Less Education Linked to Higher Mortality in Diabetes

In relative terms, this disparity is weaker than that among adults without diabetes
By Jeff Muise
HealthDay Reporter

MONDAY, June 14 (HealthDay News) -- The mortality risk among adults with diabetes differs greatly by educational level, and although the relative disparities in this population are not as strong as those in adults without diabetes, their absolute impact is greater, according to a study in the June issue of Diabetes Care.

Rosemary Dray-Spira, M.D., of the Johns Hopkins Bloomberg School of Public Health in Baltimore, and colleagues analyzed data on 85,867 individuals (aged 35 to 84 years), including 5,007 with diabetes, from the National Health Interview Survey (1986 to 1996). The researchers followed the cohort through 2002, then compared educational disparities, based on level of education attained, for all-cause mortality, cardiovascular disease (CVD) mortality, and non-CVD mortality for those with diabetes versus those without diabetes.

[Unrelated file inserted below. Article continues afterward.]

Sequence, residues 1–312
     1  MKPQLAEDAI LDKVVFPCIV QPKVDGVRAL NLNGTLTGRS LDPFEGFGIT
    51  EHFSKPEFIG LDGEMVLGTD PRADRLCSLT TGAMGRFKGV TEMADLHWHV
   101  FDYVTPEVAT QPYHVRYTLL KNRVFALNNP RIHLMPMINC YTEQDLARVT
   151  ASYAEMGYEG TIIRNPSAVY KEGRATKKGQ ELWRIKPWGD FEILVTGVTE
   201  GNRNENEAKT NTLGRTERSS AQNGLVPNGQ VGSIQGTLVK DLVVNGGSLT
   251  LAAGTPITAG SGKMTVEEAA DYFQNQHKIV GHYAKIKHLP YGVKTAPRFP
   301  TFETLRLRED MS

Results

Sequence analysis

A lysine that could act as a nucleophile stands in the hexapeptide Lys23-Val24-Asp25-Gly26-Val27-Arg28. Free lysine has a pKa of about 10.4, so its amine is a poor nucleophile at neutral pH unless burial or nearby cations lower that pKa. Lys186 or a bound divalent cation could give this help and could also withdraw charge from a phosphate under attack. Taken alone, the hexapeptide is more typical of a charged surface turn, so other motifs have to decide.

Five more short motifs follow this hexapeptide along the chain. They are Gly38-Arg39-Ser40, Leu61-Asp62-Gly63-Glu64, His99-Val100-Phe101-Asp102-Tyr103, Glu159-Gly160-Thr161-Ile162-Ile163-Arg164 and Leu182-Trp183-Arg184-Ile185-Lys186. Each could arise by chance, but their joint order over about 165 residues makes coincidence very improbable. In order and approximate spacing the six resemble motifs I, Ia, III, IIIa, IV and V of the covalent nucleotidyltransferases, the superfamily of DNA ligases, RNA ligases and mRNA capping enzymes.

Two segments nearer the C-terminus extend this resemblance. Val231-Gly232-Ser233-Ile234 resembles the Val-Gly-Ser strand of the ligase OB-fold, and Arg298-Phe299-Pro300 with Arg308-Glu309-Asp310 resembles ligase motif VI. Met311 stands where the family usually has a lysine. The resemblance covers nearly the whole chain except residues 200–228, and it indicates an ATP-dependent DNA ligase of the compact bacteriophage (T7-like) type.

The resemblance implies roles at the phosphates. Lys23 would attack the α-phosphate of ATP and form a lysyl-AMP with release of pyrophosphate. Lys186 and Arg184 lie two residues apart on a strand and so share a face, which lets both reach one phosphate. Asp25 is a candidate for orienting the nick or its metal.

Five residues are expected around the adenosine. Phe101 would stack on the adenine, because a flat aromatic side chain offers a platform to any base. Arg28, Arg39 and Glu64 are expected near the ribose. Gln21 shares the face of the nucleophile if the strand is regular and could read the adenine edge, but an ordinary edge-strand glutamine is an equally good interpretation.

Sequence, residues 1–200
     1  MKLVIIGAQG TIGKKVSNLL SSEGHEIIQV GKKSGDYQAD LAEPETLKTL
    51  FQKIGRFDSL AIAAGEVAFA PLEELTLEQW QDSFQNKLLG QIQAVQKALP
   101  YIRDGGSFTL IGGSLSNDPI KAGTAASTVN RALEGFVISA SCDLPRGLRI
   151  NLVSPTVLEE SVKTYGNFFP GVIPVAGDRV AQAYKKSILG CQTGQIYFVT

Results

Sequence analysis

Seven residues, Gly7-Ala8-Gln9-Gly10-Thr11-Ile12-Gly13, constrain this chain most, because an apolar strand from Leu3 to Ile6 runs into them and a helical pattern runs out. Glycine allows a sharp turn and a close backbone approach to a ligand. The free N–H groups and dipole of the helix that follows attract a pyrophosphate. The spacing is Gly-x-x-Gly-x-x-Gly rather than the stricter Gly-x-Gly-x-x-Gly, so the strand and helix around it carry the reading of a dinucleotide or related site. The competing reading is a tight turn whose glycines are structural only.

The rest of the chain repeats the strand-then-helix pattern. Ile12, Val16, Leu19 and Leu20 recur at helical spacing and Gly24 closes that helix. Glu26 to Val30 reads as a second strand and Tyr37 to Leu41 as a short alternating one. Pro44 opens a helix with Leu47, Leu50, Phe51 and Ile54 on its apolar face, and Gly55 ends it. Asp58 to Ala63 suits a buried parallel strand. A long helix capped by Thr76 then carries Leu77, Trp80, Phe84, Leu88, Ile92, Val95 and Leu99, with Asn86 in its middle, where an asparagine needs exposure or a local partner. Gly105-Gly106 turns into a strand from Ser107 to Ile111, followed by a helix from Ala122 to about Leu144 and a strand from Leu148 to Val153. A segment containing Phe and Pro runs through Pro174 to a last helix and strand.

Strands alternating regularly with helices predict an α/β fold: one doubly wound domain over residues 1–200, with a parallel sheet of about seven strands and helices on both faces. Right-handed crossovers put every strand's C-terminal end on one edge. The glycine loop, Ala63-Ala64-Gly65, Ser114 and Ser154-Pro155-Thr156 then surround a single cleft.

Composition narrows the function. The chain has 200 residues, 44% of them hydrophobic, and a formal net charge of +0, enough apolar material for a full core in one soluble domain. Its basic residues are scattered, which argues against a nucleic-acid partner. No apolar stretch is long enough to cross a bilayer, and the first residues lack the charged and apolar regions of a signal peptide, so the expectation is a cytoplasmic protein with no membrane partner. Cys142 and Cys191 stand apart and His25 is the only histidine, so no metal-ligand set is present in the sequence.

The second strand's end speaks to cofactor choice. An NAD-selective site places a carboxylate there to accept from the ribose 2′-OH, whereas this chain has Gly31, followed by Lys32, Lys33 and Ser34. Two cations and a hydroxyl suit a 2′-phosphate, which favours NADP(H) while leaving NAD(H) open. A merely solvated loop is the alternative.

The researchers found that diabetes patients with the lowest educational attainment had a 28 percent higher all-cause mortality risk than those with the highest educational attainment. This relationship reflected substantial disparities in CVD mortality in particular. The relative disparities in this population were substantial yet weaker than disparities in mortality among adults without diabetes. In absolute terms, adults with diabetes with the lowest educational attainment suffered 503 excess deaths per 10,000 person-years of follow-up, compared to those with the highest educational achievement. These absolute disparities were stronger than the disparities among adults without diabetes.

"Considering the major burden of diabetes in the United States, especially among the most deprived categories of the population, this suggests that reducing social health inequalities among people with diabetes is likely to have a major public health impact. Future research should determine pathways underlying these educational disparities with an eye toward developing strategies to eliminate them," the authors conclude.

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